For many, swimming with dolphins on holiday sounds like a dream come true.
But a new global report from World Animal Protection has exposed the massive scale and profitability of the multibillion-dollar, dolphin entertainment industry which causes immense animal suffering. This is likely unknown to many Canadian tourists who visit sun destinations like Florida, Mexico and the Caribbean.
According to the findings of the report, approximately 64 per cent of Canadians polled have gone on holiday to a destination where dolphin tourism was offered.
It's not what you think
According to World Animal Protection, most of the time, travellers have good intentions when they visit animal attractions, because they themselves love animals, and don't understand the harm of the activity.
Many travellers are led to believe that the majority of dolphin shows and swim-with-dolphin experiences sold by some of the world's largest travel companies are humane, educational and support conservation efforts.
The report, Behind the Smile, reveals that globally, there are 336 dolphin entertainment venues in 54 countries, including the United States, Mexico, the Caribbean and China, which confine at least 3,000 dolphins.
"For wide-ranging, social and intelligent animals like dolphins, a life spent in a concrete tank entertaining tourists is no life at all, said Melissa Matlow, campaign director for World Animal Protection says. "Every ticket sold is an incentive for this industry to continue breeding and capturing dolphins for a lifetime of suffering."
Transat & Air Canada speak out
Governments and travel companies are starting to respond to the scientific evidence and public pressure against keeping dolphins in captivity.
Last June, Canada passed legislation banning the breeding, display and trade of cetaceans (whales, dolphins and porpoises) making it illegal to possess cetaceans for purposes other than research or rehabilitation.
Also in Canada, Transat and Air Canada have shown leadership on this issue.
Transat has ceased commercializing all shows featuring captive marine mammals, including swimming with dolphins, with its holiday packages and flights-only sales. In so doing, the company is asserting its leadership in responsible tourism and responding to the concerns of travellers who are increasingly sensitive to the well-being of these wild animals.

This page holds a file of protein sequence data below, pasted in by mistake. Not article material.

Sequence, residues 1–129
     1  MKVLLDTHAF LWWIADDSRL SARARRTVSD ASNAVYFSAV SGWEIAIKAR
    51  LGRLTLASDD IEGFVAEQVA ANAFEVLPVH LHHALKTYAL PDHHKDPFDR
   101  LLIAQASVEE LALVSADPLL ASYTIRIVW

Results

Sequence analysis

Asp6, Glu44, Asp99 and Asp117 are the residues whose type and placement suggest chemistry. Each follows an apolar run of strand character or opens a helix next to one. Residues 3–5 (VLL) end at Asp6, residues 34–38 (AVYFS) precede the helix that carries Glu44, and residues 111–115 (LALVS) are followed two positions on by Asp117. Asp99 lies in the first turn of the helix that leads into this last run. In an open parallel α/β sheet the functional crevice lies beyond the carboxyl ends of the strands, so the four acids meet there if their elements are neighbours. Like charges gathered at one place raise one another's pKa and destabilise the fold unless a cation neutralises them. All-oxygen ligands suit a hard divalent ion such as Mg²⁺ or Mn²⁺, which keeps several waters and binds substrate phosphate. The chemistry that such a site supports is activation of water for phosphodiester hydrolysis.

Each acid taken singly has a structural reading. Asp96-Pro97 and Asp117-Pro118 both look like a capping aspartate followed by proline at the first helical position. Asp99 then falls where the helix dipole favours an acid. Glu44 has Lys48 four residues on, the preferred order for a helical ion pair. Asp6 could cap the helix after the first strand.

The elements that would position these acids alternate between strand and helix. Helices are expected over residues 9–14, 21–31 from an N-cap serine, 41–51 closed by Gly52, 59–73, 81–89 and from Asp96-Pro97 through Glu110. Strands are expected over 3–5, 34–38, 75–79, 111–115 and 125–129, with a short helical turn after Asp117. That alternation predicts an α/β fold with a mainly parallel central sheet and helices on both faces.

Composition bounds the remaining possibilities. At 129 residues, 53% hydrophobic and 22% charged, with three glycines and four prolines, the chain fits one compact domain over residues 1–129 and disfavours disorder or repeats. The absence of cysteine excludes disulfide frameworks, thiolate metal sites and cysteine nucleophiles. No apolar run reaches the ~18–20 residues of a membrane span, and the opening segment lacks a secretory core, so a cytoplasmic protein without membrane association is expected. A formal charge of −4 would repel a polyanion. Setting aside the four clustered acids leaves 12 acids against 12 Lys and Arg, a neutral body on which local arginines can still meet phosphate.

"Transat supports the actions of World Animal Protection and is committed to helping its local incoming tourism partners, including its own Trafic Tours business unit, to cease commercializing such activities by finding economically viable and socially acceptable ways to replace them within two years," says Odette Trottier, director, communications and corporate affairs for Transat.
"At destination, it is more complex and we will rely on the expertise of the World Animal Protection organization to help our incoming TOs. The horizon is two years, as we want to give our partners time to adapt and to find new economically viable and socially acceptable options. There will not necessarily be any change at destination this winter and next winter but certainly more awareness. Our representatives at destination will be able to answer customer questions."
"By the end of August 2020, Air Canada and its subsidiaries (including Air Canada Vacations) will no longer directly sell or promote packages to, or generate revenue from, attractions that involve the captivity of current or future generations of dolphins," said Peter Fitzpatrick, director of corporate communications for Air Canada, Central Canada.
Tour operators step up
Other major travel brands such as Virgin Holidays, TripAdvisor and Booking.com, following guidance from World Animal Protection, have taken similar steps and recently committed to stop selling or promoting tickets to captive dolphin venues.
"We are encouraging these travel companies and other companies to proudly publicize their commitments to phase out the promotion and sale of captive dolphin excursions," Matlow told PAX. "Canadians trust these companies to give them the information they need to make ethical travel choices that align with their values. It is not only important that they inform their customers on how to avoid harmful attractions wherever they go but also necessary to shift the industry towards more ethical tourism."
The Travel Corporation and its family of brands are currently a partner of World Animal Protection.
However, market research shows that there is still work to do to educate and influence Canadian tourists, booking sites and travel companies.
For example, 50 per cent of Canadian tourists still consider keeping dolphins in enclosures acceptable and one-third of Canadian travellers have participated in at least one dolphin-related activity in the past three years, and approximately 64 per cent of Canadians polled have gone on holiday to a destination where dolphin tourism was offered.
"Canadian attitudes and behaviours are changing," Matlow said. "When people learn the truth about how dolphins suffer, they don't want to participate. That's why we are calling on travel companies like Expedia Group and others that are lagging behind to stop supporting activities that cause harm to animals."
The full report can be accessed here.
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